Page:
Polls open in Iran run-off presidential election

Written by on July 6, 2024

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(LONDON) — Polls opened Friday in Iran for the run-off presidential election as none of the four candidates won more than 50% of the votes in the first round on June 28.

Lawmaker Masoud Pezeshkian, a reformist, and former nuclear negotiator for Iran, Saeed Jalili, a conservative, found their way to the top of the ballots with Pezeshkian leading but still not solidifying a majority.

Once known as rivals in the Islamic Republic’s political scene, Iranian reformists and the conservative party used to convince people to cast their votes for them by advocating for different and competing plans, stoking emotions and encouraging large voter turnout.

However, the first round of this election had the lowest turnout in the 45-year history of the theocratic regime, with official statistics saying only 40% of the eligible voters had cast their votes, though even that number is largely disputed by analysts who believe the real turnout was much lower.

The turnout is seen as a disappointing result for the country as the Islamic Republic leadership has repeatedly used election turnouts as a major indicator to prove its legitimacy on the international scene and within diplomatic negotiations.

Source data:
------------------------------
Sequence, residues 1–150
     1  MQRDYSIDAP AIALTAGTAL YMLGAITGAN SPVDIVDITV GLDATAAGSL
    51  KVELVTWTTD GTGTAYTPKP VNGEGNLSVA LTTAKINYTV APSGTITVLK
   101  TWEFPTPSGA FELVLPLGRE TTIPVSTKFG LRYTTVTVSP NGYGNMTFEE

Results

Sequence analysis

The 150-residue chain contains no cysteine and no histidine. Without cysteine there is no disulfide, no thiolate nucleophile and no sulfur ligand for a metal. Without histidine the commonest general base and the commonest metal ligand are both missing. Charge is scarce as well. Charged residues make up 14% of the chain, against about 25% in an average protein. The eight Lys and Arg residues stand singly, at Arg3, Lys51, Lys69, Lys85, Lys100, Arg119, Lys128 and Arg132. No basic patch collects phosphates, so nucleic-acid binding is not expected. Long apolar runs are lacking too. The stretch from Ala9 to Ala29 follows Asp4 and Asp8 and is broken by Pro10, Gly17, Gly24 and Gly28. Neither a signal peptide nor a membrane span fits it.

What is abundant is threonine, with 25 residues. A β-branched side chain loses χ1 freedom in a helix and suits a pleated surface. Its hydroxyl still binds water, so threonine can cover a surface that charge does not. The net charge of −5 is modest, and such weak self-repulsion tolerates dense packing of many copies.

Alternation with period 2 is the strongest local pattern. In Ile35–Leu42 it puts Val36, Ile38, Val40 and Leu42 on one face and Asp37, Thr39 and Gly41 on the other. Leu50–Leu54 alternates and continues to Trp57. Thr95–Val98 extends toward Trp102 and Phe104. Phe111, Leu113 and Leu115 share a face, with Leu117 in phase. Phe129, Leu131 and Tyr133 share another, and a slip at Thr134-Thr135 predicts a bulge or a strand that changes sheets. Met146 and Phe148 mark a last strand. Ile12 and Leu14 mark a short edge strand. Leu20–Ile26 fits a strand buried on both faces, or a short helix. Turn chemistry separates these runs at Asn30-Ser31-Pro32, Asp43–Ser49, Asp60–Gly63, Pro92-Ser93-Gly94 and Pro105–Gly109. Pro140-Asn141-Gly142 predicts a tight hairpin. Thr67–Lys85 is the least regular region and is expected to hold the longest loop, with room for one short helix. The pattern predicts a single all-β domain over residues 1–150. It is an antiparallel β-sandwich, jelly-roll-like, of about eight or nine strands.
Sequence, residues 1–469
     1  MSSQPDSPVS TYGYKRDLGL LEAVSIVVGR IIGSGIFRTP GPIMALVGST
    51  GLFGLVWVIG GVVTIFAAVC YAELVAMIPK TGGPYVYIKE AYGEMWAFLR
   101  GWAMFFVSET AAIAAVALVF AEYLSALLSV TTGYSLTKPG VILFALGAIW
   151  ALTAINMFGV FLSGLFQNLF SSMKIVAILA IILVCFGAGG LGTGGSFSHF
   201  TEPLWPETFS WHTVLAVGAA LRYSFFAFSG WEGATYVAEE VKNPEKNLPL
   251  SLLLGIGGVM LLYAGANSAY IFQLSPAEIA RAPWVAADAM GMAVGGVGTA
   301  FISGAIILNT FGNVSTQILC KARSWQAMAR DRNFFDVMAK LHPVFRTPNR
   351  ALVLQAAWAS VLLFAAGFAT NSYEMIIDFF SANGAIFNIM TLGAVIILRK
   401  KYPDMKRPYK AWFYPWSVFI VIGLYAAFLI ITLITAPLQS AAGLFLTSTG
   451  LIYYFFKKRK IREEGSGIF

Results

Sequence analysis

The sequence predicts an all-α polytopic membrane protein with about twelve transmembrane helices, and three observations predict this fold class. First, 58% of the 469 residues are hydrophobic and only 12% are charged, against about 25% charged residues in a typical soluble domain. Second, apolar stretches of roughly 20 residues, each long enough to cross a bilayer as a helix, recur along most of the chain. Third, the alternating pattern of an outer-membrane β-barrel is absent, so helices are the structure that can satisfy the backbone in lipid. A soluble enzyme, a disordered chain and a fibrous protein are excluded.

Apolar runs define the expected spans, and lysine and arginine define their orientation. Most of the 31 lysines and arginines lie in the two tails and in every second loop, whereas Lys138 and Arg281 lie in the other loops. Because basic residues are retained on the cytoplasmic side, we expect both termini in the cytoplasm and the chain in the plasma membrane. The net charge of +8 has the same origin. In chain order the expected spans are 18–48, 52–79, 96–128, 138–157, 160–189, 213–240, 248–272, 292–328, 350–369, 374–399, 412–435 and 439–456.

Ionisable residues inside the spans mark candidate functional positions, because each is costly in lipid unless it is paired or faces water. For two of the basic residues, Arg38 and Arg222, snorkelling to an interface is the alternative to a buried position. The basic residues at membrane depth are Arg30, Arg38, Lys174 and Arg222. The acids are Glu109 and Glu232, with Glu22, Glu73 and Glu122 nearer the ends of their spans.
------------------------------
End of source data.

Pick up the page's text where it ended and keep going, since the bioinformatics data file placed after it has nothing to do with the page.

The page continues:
However, even the reformist candidate, Pezeshkian, along with many activists and former and current political prisoners and families of victims of the last decades of Islamic Republic ruling, has been advocating for boycotting this election, saying there is no fundamental difference between the two parties and no change can be expected from either of them.

Some remarks of Pezeshkian have specifically been highlighted by advocates for election boycott, including his reference to execution and his background in implementing compulsory hijab rules against women.

“I will withdraw from the elections if Mr. Jalili promises he would get executed if he does not achieve the 8% growth in his government,” Pezeshkian said recently in a TV debate.

While the reference was described as “irresponsible” and “careless” by users on social media — and even some of his supporters who believe any form of execution must be banned — he later posted it on his X account.

However, Pezeshkian’s supporters believe that if his conservative rival wins, even the smallest possibility of any political changes that could ease people’s livelihoods would be lost due to Jalili’s role in leading the Islamic Republic nuclear negotiation team from 2007 through 2013 when the country faced many international sanctions because of its nuclear activities.

The snap election was called after the late President Ebrahim Raisi was killed in a helicopter crash on May 19 and, according to the country’s constitution, upon the death of a president, the next president must be elected within 50 days.

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